WINNIPEG, (CNS Canada) — With winter still hanging on across Western Canada, one buyer thinks it could lead to an uptick in oat acres.
“Later seeding generally increases oat acres. We’d rather see them seeded earlier but farmers have had a tendency when things get late (to) throw some more acres into oats,” said Scott Shiels with Grain Millers Canada in Yorkton, Sask.
According to Shiels, oats can be a bit hardier than other crops. They can survive a frost, while wheat will find itself downgraded to feed quality. There are also new shorter growing season varieties available.
Prices are holding steady for oats. New crop contracts were priced at about $3 per bushel earlier this spring with Shiels saying he has contracts into 2019.
“Markets are steady, futures have been down but basis levels have been adjusting accordingly to keep the price kind of in that $3 range for a cash market around here,” he said.
Canadian farmers seeded 3.15 million acres of oats last year. Agriculture Canada predicts a two percent increase to 3.27 million acres, according to its Outlook for Principal Field Crops report released March 22.
Shiels said he expects oat acres to rise by five percent from last year’s acreage, but is optimistic acres could rise by 10 percent. Statistics Canada releases its Principal Field Crop Areas report on April 27.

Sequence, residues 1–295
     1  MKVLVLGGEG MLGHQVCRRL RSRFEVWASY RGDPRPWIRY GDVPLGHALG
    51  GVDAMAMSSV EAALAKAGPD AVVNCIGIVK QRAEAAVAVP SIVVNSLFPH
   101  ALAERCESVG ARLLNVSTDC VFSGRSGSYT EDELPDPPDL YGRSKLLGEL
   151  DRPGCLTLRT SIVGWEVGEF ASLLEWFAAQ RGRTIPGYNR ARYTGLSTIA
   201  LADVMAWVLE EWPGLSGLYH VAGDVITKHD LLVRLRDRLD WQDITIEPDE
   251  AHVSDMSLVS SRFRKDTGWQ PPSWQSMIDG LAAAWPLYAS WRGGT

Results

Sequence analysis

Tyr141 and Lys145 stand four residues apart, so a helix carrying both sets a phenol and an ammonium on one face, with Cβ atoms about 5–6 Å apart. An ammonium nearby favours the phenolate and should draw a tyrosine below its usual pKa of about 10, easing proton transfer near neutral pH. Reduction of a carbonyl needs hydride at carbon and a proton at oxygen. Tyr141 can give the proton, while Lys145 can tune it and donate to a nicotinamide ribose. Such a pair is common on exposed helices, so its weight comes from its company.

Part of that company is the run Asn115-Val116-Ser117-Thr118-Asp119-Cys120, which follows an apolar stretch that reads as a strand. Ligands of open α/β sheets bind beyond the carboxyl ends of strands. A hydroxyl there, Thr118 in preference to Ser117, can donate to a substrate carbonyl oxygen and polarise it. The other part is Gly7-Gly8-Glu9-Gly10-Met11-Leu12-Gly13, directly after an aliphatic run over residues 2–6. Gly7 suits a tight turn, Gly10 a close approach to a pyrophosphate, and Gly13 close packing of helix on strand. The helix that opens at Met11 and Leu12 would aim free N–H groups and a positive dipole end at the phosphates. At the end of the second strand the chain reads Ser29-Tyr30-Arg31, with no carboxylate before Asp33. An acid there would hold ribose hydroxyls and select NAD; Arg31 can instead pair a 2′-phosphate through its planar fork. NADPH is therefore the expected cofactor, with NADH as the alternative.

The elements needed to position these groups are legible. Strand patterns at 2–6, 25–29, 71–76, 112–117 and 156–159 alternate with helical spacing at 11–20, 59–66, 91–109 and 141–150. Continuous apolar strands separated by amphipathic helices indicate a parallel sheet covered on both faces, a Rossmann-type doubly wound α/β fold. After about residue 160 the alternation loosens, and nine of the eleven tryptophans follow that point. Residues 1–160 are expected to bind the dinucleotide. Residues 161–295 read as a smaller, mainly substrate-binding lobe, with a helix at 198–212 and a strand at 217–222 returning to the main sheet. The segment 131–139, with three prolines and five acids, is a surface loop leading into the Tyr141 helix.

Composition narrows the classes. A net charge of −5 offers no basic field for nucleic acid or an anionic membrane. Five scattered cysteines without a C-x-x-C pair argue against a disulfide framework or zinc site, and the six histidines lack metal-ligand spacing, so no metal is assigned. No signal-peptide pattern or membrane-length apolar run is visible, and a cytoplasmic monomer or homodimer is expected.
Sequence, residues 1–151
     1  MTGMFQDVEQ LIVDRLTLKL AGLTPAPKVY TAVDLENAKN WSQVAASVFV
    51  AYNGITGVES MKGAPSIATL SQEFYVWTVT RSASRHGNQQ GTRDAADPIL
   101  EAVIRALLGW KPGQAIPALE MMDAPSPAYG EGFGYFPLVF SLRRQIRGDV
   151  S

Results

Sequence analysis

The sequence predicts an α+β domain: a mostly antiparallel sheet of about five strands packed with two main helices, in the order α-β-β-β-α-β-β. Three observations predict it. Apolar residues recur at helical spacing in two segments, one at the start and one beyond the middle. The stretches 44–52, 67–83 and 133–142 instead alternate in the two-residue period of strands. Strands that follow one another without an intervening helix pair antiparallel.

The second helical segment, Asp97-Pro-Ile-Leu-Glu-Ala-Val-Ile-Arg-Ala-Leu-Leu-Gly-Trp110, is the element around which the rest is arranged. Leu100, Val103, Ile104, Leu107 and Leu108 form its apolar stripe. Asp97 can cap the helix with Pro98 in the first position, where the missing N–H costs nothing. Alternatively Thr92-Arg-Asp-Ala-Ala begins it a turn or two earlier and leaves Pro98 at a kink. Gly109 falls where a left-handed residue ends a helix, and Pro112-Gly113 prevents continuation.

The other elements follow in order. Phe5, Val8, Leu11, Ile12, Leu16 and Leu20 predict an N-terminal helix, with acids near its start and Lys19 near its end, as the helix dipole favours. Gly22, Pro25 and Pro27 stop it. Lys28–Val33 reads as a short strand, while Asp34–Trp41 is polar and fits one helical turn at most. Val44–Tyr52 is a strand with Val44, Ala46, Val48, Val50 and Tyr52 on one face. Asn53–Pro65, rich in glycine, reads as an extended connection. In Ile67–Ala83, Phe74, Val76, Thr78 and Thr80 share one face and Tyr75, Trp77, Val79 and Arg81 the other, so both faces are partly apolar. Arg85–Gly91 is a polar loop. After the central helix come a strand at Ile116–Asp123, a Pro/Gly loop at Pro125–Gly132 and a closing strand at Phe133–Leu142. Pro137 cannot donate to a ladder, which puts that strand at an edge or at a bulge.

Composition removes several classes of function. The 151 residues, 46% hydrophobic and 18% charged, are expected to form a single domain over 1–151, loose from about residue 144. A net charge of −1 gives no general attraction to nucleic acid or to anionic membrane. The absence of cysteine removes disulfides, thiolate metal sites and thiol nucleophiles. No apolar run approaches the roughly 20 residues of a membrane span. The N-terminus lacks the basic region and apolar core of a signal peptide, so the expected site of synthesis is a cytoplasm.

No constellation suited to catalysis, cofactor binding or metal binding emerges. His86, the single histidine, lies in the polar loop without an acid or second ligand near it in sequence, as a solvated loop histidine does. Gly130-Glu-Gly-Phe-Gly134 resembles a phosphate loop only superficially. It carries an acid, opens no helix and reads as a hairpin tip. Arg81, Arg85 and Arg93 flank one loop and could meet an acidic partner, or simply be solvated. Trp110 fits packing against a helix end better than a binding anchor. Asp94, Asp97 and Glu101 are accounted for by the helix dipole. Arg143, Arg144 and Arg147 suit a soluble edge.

“I talk to farmers all day, every day. So that’s where I take my feedback. And the reasons that they give me (for planting oats this year) make a lot of sense. Prices are good, growing milling oats is easier than growing high protein red spring wheat,” he said.
Shiels has heard from farmers who said they aren’t expecting to get into fields until at least May 10. He talked with one farmer who predicted he would not get into fields until the Victoria Day long weekend of May 19-21.
“I don’t agree with him but he’s talking May long and I mean that’s scary. But we’ve seen it before and we don’t want to see it again but that’s the reality of it,” Shiels said.
Once late seeding comes into play, Shiels said many farmers look to save money by reducing inputs, making oats attractive.
The current drought conditions on the Prairies factor into that too, he added.
“(With) conditions being dry, producers tend to be thinking of those lower input crops and oats are one of those. You’ve still got to spend some money but your bottom line looks better when you’re not throwing $400 an acre into the ground,” he said.